You don’t need to be a farmer to engage in regenerative techniques. Our lawns also have tremendous capacity to store carbon, and how we care for them can either interfere with that capacity or enhance it. Here are some ways to use this year’s growing season to help flatten the curve of the climate crisis:
- Support healthy soil life — don’t apply herbicides and pesticides: Healthy soil is teeming with The microorganisms that hang out with plant roots support healthy plant growth and make carbon sequestration possible. Herbicides and pesticides damage that soil biodiversity and keep soil from holding carbon.
- Keep soil covered and don’t disturb it: Getting exposed to air, heating up, and being dug up causes the carbon in soil to get released as CO2 into the Protect against this – and at the same time feed the hungry organisms in your soil – by making sure exposed soil is always covered with mulch.
- Avoid synthetic fertilizers: Produced with fossil fuels, the carbon footprint of fertilizers is high, and their use also generates nitrous oxide, a greenhouse gas about 300 times more potent than CO2. Organic ways to fix nitrogen – clover or alfalfa in your mix or even just leaving grass clippings on your lawn – are a much more climate friendly way to give your plants the nutrients they need.
- Aim for deep roots: Encourage deeper roots in your grass by letting it grow taller before cutting it and watering deeply but less frequently and incorporate plants into your lawn that have deep tap roots. The deeper the roots, the deeper the soil microbes will deposit carbon, and the better chance that the carbon will safely avoid being exposed to air and off-gassed into the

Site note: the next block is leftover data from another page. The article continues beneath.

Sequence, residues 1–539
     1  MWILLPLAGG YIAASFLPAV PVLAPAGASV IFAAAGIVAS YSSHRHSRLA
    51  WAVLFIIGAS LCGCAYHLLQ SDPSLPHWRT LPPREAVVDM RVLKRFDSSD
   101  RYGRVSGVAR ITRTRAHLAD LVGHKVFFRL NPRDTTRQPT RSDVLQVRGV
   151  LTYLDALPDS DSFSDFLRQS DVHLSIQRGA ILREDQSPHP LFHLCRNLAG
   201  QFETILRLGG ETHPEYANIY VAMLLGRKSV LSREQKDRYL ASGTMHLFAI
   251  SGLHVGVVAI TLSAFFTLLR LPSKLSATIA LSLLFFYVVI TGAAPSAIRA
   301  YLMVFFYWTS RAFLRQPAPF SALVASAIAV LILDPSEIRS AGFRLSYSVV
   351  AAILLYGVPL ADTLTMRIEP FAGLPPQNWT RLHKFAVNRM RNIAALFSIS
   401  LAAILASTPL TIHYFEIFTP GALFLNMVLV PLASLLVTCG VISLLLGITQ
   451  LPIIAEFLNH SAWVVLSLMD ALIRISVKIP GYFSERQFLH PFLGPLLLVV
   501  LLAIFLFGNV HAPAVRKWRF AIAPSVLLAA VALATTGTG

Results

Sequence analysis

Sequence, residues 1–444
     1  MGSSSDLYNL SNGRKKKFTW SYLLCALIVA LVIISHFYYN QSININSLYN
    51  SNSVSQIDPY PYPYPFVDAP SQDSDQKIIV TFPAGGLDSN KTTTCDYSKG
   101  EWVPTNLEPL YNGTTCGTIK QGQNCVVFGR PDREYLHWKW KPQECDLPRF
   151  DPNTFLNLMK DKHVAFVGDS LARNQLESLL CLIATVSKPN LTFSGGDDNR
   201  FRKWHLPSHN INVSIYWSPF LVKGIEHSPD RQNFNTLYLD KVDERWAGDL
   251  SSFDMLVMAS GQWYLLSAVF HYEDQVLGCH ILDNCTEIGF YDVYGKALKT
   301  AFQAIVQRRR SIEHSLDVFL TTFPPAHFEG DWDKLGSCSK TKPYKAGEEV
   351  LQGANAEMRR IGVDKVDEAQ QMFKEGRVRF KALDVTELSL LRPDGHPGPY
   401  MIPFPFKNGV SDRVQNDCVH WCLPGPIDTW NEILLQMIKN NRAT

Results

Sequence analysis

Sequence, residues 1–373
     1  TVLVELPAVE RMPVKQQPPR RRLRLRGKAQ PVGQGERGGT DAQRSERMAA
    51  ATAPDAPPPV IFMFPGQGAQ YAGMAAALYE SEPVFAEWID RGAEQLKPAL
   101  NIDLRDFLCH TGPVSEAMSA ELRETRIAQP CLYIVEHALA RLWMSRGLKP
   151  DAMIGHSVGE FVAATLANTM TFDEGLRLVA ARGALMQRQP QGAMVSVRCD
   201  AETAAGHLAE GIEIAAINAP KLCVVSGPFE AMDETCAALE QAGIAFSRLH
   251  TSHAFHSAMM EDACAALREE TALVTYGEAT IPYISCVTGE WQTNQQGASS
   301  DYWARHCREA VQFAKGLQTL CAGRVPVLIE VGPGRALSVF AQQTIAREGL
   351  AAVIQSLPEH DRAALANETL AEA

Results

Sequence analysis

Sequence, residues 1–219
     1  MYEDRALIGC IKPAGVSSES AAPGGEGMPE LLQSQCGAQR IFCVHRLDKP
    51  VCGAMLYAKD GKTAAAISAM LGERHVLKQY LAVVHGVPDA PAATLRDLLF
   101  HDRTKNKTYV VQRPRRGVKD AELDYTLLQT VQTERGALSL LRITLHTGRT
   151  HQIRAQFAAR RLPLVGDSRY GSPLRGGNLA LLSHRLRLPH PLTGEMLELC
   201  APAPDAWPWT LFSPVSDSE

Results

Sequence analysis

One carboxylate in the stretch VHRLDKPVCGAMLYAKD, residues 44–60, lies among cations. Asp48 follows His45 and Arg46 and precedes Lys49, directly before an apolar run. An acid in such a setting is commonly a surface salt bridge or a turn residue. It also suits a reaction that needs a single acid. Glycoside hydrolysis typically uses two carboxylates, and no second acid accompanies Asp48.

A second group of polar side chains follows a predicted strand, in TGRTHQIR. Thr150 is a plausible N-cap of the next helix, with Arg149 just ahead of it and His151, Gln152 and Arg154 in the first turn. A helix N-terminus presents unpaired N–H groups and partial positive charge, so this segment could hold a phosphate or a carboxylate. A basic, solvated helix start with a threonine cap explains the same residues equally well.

- Replace fossil-fuel powered equipment for electric or, even better, muscle- powered: The amount of carbon draw-down we achieve in our yards is the amount of carbon that’s sequestered in our soil minus the amount of carbon we emit when managing Along with ditching fertilizer, ditch your power mower and leaf blower and reacquaint yourself with push mowers and ordinary rakes. Your health and the climate’s will thank you!
“I do not believe that the world would be entirely different if there were more women leaders. Maybe if everybody in leadership was a woman, you might not get into the conflicts in the first place. But if you watch the women who have made it to the top, they haven’t exactly been non-aggressive – including me.”
“I think that we all know what evil is. We have a sense of what’s evil, and certainly
killing innocent people is evil. We’re less sure about what is good. There’s sort of good, good enough, could be better – but absolute good is a little harder to define.”